Sulforaphane (SF) is a chemopreventive isothiocyanate (ITC) derived from the myrosinase-catalyzed hydrolysis of glucoraphanin, a thioglucoside present in broccoli. Broccoli supplements often contain glucoraphanin but lack myrosinase, putting in question their ability to provide dietary SF. This study compared the relative absorption of SF from air-dried broccoli sprouts rich in myrosinase and a glucoraphanin-rich broccoli powder lacking myrosinase, individually and in combination. Subjects (n=4) each consumed 4 meals consisting of dry cereal and yogurt with 2 g sprouts, 2 g powder, both, or neither. Blood and urine were analyzed for SF metabolites. The 24 h urinary SF recovery was 74%, 49%, and 19% of the dose ingested from broccoli sprouts, combination, and broccoli powder meals, respectively. Urinary and plasma ITC appearance was delayed from the broccoli powder compared to the sprouts and combination. A liver function panel indicated no toxicity from any treatment at 24 h. These data indicate a delayed appearance in plasma and urine of SF from the broccoli powder relative to SF from myrosinase-rich sprouts. Combining broccoli sprouts with the broccoli powder enhanced SF absorption from broccoli powder, offering the potential for development of foods that modify the health impact of broccoli products.

One of several challenges in design of clinical chemoprevention trials is the selection of the dose, formulation and dose schedule of the intervention agent. Therefore, a cross-over clinical trial was undertaken to compare the bioavailability and tolerability of sulforaphane from two of broccoli sprout-derived beverages: one glucoraphanin-rich (GRR) and the other sulforaphane-rich (SFR). Sulforaphane was generated from glucoraphanin contained in GRR by gut microflora or formed by treatment of GRR with myrosinase from daikon (Raphanus sativus) sprouts to provide SFR. Fifty healthy, eligible participants were requested to refrain from crucifer consumption and randomized into two treatment arms. The study design was as follows: 5-day run-in period, 7-day administration of beverages, 5-day washout period, and 7-day administration of the opposite intervention. Isotope dilution mass spectrometry was used to measure levels of glucoraphanin, sulforaphane and sulforaphane thiol conjugates in urine samples collected daily throughout the study. Bioavailability, as measured by urinary excretion of sulforaphane and its metabolites (in approximately 12 hour collections after dosing), was substantially greater with the SFR (mean = 70%) than with GRR (mean = 5%) beverages. Interindividual variability in excretion was considerably lower with SFR than GRR beverage. Elimination rates were considerably slower with GRR allowing for achievement of steady state dosing as opposed to bolus dosing with SFR. Optimal dosing formulations in future studies should consider blends of sulforaphane and glucoraphanin as SFR and GRR mixtures to achieve peak concentrations for activation of some targets and prolonged inhibition of others implicated in the protective actions of sulforaphane.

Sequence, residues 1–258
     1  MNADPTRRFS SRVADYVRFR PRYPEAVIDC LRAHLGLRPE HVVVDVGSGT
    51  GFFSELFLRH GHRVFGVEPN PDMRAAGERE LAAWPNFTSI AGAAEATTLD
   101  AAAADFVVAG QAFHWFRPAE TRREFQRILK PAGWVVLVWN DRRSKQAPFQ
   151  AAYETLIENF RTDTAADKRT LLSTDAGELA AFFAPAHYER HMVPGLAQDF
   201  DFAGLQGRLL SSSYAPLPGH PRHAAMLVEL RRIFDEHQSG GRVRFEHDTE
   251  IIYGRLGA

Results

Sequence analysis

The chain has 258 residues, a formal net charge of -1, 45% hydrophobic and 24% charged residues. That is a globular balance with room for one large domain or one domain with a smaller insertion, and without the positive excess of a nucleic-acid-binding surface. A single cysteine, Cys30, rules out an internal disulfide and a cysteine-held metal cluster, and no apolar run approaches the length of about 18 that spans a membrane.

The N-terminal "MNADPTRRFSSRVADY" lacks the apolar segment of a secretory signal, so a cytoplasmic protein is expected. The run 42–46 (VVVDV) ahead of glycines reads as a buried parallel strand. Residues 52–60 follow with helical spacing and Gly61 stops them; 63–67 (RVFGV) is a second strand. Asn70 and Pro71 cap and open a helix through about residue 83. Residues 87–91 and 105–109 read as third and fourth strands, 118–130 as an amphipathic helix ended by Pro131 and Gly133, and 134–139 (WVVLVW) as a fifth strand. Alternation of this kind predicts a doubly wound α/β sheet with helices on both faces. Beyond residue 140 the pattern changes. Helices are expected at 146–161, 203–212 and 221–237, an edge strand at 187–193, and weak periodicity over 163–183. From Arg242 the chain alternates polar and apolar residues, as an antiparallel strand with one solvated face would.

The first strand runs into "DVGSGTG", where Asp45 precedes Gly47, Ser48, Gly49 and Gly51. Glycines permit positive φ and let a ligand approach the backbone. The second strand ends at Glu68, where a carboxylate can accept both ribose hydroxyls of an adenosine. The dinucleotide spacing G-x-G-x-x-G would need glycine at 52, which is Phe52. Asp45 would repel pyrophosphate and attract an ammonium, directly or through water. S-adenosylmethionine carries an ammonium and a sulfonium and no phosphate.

SUMMARY

Broccoli–and especially broccoli sprouts with its high content of sulforaphane–contain important polyphenols, antioxidants, and Nrf2 activators that help make Ultimate Protector an outstanding nutritional supplement. Broccoli and broccoli sprouts have been used extensively in nutritional healing protocols for almost 25 years now.

Continued research shows a growing list of health benefits for these nutritional substances, especially relating to Nrf2 activity and ability to provide significant chemoprevention. They add an important vegetable profile to the ingredient mix in Ultimate Protector™.